I honestly believe all of these detectives and Officers deserve recognition by you because they have a job that you couldn’t pay me enough to do, and they truly do exemplify professionalism, and compassion to we citizens in times of crisis.  You can be very proud of these men and women because despite the horrific things they see and hear everyday, they do an EXCELLENT job out here in the field.

      Please, take a moment to contact their supervisors and let them know how extremely grateful we are to them, and commend them for their hard work and dedication to we citizens. Also, please include Lt. Commander Michael Kihmm for taking time out of his busy day to assist me in getting these detectives, and Officers names and case numbers. His hard work is deeply appreciated as well.

      With kindest regards and deep gratitude to the above outstanding public servants,

      Kathleen Flynn

  9. Operating under assumptions is the mark of those far removed from the realities and responsibilities involved in managing dangerous, in-progress incidents. This tragedy offers a good example.

    The first assumption in this case, one evident in everything I’ve read, is that Cuebas was transformed into a public threat the moment the CHP decided to pursue him. Nonsense. At the very minimum he became a danger when HE decided to flee. But beyond even this, how can we presume that prior to his committing the violation observed he’d been driving in a safe manner? After all, it’s quite common for officers to encounter reckless drivers in the act. For all we know, Cuebas, whom I believe has a prior conviction for reckless driving, might have been out driving like a maniac all day.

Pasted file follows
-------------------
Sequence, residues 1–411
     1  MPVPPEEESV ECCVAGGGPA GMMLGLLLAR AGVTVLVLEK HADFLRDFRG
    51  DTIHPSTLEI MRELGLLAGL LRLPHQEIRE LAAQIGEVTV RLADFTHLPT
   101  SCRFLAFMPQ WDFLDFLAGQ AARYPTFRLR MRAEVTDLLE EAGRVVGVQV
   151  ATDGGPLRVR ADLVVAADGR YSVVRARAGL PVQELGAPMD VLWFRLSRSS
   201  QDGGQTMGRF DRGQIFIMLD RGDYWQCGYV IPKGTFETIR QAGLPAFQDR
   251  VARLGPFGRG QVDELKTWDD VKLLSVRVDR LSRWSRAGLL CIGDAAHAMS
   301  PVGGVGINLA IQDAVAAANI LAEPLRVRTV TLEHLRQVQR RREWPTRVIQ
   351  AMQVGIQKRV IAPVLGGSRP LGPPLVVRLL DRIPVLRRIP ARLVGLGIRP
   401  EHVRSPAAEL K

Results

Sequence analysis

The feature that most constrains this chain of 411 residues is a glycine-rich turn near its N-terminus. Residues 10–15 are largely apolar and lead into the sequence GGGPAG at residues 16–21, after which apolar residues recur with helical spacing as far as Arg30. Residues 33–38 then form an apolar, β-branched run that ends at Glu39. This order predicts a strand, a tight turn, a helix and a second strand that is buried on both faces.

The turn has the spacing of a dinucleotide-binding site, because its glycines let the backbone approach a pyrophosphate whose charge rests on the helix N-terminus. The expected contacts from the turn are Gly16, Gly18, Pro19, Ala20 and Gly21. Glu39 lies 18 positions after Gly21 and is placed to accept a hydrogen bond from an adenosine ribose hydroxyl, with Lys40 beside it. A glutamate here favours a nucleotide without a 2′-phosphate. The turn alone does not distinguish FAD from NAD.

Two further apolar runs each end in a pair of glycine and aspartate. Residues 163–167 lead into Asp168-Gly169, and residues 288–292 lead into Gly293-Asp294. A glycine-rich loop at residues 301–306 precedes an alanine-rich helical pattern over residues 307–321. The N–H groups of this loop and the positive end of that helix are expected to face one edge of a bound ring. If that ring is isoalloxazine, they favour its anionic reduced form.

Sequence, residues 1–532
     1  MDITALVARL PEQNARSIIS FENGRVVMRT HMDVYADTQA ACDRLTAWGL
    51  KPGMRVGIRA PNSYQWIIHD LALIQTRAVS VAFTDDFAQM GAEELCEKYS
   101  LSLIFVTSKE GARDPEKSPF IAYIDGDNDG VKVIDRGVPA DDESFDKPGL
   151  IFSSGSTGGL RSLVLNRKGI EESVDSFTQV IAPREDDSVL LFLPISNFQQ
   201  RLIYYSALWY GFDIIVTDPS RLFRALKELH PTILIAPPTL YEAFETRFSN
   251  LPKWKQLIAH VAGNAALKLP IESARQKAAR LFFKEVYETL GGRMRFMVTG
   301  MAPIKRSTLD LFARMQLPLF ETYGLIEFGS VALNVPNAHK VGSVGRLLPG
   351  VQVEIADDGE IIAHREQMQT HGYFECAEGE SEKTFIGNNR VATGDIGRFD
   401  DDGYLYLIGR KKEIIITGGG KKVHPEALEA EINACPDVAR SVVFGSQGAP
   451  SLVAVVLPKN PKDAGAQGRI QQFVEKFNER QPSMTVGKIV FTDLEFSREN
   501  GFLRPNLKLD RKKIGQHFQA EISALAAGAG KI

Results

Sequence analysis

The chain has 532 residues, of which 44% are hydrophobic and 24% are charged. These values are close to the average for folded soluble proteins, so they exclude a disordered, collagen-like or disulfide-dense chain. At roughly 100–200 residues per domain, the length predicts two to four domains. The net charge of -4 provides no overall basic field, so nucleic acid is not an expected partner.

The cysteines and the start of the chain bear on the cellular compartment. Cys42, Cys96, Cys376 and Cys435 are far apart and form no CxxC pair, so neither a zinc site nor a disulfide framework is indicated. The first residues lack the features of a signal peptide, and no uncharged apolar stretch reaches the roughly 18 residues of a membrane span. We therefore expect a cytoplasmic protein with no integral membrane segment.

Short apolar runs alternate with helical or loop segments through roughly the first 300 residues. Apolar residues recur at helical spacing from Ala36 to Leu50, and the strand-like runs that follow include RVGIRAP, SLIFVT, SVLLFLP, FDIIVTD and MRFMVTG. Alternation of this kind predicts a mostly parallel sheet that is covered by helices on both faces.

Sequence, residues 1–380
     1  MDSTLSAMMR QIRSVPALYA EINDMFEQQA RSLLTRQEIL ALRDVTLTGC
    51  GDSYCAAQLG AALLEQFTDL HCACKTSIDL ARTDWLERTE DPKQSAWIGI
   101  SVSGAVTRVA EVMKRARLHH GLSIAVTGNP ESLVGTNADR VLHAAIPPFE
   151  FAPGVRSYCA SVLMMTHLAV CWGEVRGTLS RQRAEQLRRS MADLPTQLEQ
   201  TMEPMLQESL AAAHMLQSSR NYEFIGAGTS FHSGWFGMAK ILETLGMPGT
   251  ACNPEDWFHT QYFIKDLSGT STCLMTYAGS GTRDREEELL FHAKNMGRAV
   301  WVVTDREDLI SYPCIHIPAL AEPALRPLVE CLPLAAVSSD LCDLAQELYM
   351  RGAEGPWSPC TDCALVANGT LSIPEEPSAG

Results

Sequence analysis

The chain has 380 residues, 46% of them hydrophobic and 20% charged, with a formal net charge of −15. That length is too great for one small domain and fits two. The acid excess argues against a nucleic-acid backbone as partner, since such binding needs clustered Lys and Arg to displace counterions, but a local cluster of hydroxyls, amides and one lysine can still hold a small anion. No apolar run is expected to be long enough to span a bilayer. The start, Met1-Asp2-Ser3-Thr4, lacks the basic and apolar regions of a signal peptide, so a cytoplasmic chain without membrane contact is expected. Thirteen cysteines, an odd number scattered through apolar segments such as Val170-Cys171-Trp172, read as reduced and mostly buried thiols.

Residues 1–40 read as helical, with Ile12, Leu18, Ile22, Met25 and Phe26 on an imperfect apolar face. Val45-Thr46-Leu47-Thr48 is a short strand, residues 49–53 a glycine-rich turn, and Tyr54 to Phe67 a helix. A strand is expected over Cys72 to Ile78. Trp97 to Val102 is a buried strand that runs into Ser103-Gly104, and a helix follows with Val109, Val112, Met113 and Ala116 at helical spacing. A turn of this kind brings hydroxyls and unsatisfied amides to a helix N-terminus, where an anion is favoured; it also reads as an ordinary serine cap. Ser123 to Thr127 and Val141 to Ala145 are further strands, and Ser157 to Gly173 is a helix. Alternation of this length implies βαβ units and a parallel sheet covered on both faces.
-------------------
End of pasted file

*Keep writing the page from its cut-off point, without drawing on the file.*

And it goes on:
The second assumption is that the CHP officer, in deciding to pursue, was riveted on the traffic matter. Wrong! Traffic officers see and, by necessity, ignore numerous traffic violations everyday. They aren’t zealots, eager to risk life and limb chasing down an infraction. I guarantee you the officer’s focus abandoned the observed violation the moment the driver began to flee, overtaken immediately by suspicions and concerns: what is this guy really running from?… what did he just do?… what is my responsibility if he’s done something horrible and I let him go? … what is my responsibility if I let him go and he later does something horrible? While these things are running through the officer’s mind he is also straining to monitor the fleeing driver’s desperation (measured by his recklessness), concentrating on any movement in the car (is the suspect arming himself, dumping evidence, etc.), and weighing the circumstances of the chase (characteristics of area, traffic conditions, CHP policy), all the while keeping his own car under control and calling the pursuit on the radio.